From Foley to Frey: The Year in U.S. Scandals
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One Congressman drives to Capitol Hill for a vote at 2:45AM and crashes his car.
Another sends sexually explicit emails to congressional pages.
The senior pastor of a 14,000 member church and president of the National Association of Evangelicals is fired for a relationship with a drug dealing male prostitute.
The nation's leading radio talk show host is detained at customs for mislabeled Viagra on the heels of other drug troubles.
And of course there was Mel.
Clearly 2006 was a year of bad behavior in high places. Bad behavior, that is, of evil twins -- since none of the accused took responsibility.
U.S. Rep. Patrick Kennedy's evil twin took Ambien, a sleeping pill, and a nausea pill before driving to Capitol Hill in a blackout in the middle of the night "for a vote" in May and crashing his Ford Mustang.
"I simply do not remember getting out of bed, being pulled over by the police or being cited for three driving infractions," said the Rhode Island Democrat though he did remember, "I consumed no alcohol prior to the incident." Whew!
Ambien, it turns out, also had an evil twin that made people sleep walk, sleep drive, sleep eat and apparently sleep vote with no recall and Sanofi-Aventis was forced to run ads reminding people to only take it if they were going to bed and staying there. (Or you'll break out in handcuffs, as the joke goes.)
Disgraced former Florida congressman Mark Foley -- the only Republican to get a mandate after the last election quipped Leno -- wasted no time in blaming his salacious emails to underage pages on an evil twin who was an alcoholic and abused by a priest.
And the accused priest, Rev. Anthony Mercieca, wasted no time in blaming his evil twin for the alleged abuse. "I had a nervous breakdown and was taking some pills and alcohol and maybe I did something that he didn't like."
Even convicted Enron financial officer Andrew Fastow had an evil twin who was hooked on tranquilizers to "cope with the implosion of his company, the imprisonment of his wife and his prosecution," reported the South Florida Sun-Sentinel. And come up with names like Raptors and Chewco you can't help but wonder?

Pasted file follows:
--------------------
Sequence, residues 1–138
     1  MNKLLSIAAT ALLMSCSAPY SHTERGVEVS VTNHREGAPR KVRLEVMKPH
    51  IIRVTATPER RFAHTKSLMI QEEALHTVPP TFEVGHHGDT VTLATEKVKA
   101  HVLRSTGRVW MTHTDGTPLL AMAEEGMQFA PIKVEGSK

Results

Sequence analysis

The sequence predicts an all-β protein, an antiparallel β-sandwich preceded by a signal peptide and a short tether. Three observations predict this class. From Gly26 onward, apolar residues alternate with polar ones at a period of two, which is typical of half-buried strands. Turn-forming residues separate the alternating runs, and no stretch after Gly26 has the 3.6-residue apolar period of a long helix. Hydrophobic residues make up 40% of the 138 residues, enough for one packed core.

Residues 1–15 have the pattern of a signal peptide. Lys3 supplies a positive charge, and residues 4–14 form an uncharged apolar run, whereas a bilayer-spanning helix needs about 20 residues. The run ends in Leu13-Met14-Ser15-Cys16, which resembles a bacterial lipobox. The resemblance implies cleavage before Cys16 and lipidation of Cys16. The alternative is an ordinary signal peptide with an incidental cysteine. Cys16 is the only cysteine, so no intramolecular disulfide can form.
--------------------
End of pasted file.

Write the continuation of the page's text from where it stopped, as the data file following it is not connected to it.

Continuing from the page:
The former Rev.Ted Haggard did not blame an evil gay twin for the services and drugs he admits buying from massage therapist Mike Jones. That's because he was already blaming gay people for unwholesome lifestyles before he got caught.
Nor did talk show giant Rush Limbaugh blame his evil twin who abused pain pills and went to rehab in 2003 for his Viagra airport contretemps on his way back from the Dominican Republic. No, he said his luggage must have been switched with Bob Dole. (see: Dying is easy; comedy is hard.)
Of course the 2006 Hall of Shamers benefit from the Oprah dividend -- the public's desire to seek reasons to reprieve bad behavior.
You may have been able to preach, appraise legislation, invent off the book partnerships or address a radio audience, goes the logic, but you weren't really responsible because of addiction and/or childhood abuse.
And while the forgiven get another chance by this reasoning and forgivers get to think they're Oliver Wendell Holmes, no one brings up the fact that almost everyone behind bars suffered childhood abuse and substance addiction. That's practically the definition of a criminal.
Even Richard Speck was in a drug and alcohol blackout when he killed eight nurses and when told, allegedly said, "If you say I did it, I did it."
Still, as 2006 ends, it seems like everyone is blaming an evil twin for bad behavior. Everyone, that is, except factually challenged author of "A Million Little Pieces" James Frey who is looking for some actual bad behavior to blame.
Martha Rosenberg's work appears in U.S. dailies and magazines.